By Anders Sandberg, University of Oxford and Andrew Snyder-Beattie, University of Oxford
The Conversation organised a public question-and-answer session on Reddit in which Anders Sandberg and Andrew Snyder-Beattie, researchers at the Future of Humanity Institute at Oxford University, explored what existential risks humanity faces and how we could reduce them.
Here are the highlights.
What do you think poses the greatest threat to humanity?
Sandberg: Natural risks are far smaller than human-caused risks. The typical mammalian species lasts for a few million years, which means that extinction risk is on the order of one in a million per year. Just looking at nuclear war, where we have had at least one close call in 69 years (the Cuban Missile Crisis) gives a risk of many times higher. Of course, nuclear war might not be 100% extinction causing, but even if we agree it has just 10% or 1% chance, it is still way above the natural extinction rate.
Nuclear war is still the biggest direct threat, but I expect biotechnology-related threats to increase in the near future (cheap DNA synthesis, big databases of pathogens, at least some crazies and misanthropes). Further along the line nanotechnology (not grey goo, but “smart poisons” and superfast arms races) and artificial intelligence might be really risky.
The core problem is a lot of overconfidence. When people are overconfident they make more stupid decisions, ignore countervailing evidence and set up policies that increase risk. So in a sense the greatest threat is human stupidity.
In the near future, what do you think the risk is that an influenza strain (with high infectivity and lethality) of animal origin will mutate and begin to pass from human to human (rather than only animal to human), causing a pandemic? How fast could it spread and how fast could we set up defences against it?
Snyder-Beattie: Low probability. Some models we have been discussing suggest that a flu that kills one-third of the population would occur once every 10,000 years or so.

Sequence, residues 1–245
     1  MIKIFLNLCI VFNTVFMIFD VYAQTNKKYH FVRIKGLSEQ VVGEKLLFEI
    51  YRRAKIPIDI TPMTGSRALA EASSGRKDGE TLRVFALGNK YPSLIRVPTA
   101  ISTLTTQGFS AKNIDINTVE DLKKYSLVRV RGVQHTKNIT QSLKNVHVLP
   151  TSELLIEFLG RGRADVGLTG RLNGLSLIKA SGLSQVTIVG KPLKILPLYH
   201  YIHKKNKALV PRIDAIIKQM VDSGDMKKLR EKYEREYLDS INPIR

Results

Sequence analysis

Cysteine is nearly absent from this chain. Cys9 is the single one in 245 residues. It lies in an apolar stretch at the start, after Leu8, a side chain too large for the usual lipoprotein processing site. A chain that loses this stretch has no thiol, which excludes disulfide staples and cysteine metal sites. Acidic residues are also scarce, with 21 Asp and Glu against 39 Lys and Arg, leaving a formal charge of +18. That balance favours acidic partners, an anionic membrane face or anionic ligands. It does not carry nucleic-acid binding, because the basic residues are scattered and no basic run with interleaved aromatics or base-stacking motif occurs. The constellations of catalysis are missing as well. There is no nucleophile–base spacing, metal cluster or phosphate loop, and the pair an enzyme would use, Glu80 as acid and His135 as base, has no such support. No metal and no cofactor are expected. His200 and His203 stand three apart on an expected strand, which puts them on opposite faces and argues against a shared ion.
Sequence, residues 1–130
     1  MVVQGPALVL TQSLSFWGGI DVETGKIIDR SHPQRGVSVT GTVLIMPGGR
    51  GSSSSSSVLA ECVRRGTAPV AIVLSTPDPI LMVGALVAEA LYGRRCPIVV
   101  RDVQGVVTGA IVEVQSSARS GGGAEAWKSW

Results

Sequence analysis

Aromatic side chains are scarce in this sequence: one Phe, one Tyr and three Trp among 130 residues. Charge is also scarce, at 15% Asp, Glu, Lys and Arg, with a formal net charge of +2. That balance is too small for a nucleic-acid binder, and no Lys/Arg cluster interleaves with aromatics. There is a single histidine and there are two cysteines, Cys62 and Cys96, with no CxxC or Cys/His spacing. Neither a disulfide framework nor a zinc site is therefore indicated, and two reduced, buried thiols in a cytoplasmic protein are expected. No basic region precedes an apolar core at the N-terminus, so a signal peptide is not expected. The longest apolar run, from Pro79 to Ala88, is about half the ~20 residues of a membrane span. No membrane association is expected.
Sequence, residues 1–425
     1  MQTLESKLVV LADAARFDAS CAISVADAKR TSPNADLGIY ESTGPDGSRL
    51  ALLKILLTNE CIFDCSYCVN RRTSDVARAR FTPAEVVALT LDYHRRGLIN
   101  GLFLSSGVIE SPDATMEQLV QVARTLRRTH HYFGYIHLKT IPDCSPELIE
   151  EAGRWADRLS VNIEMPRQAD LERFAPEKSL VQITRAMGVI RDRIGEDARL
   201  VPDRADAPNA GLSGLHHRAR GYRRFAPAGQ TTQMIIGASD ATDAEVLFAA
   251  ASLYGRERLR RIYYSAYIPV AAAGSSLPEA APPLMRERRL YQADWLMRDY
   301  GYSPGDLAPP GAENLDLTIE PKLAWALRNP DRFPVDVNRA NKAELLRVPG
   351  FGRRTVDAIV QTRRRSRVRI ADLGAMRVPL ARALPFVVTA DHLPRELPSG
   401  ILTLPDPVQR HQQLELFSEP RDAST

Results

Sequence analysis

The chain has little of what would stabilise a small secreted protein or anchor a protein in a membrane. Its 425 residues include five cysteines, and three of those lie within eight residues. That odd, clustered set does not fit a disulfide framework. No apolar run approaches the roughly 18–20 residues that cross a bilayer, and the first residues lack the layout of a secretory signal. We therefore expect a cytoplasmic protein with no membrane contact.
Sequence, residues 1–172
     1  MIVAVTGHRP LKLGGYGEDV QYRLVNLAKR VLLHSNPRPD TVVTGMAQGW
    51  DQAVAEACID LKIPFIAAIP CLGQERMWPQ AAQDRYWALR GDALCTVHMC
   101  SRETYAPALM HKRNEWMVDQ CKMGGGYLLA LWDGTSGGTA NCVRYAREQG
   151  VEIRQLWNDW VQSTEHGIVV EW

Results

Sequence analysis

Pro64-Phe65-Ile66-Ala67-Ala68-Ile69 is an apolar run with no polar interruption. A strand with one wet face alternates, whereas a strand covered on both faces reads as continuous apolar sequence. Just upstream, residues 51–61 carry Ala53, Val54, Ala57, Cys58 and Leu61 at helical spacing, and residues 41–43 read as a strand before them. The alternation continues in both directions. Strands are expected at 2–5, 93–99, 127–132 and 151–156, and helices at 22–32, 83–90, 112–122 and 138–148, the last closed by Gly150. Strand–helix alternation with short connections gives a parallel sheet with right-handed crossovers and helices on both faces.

Pathogens face the same tradeoffs any parasite does. If the disease has a high lethality, it typically kills its host too quickly to spread very far. Selection pressure for pathogens therefore creates an inverse relationship between infectivity and lethality.
This inverse relationship is the byproduct of evolution though – there’s no law of physics that prevents such a disease. That is why engineered pathogens are of particular concern.
Is climate change a danger to our lives or only our way of life?
Sandberg: Climate change is unlikely to wipe out the human species, but it can certainly make life harder for our civilisation. So it is more of a threat to our way of life than to our lives. Still, a world pressured by agricultural trouble or struggles over geoengineering is a world more likely to get in trouble from other risks.
How do you rate threat from artificial intelligent (something highlighted in the recent movie Transcendence)?
Sandberg: We think it is potentially a very nasty risk, but there is also a decent chance that artificial intelligence is a good thing. Depends on whether we can make it such that it is friendly.
Of course, friendly AI is not the ultimate solution. Even if we could prove that a certain AI design would be safe, we still need to get everybody to implement it.
Which existential risk do you think we are under-investing in and why?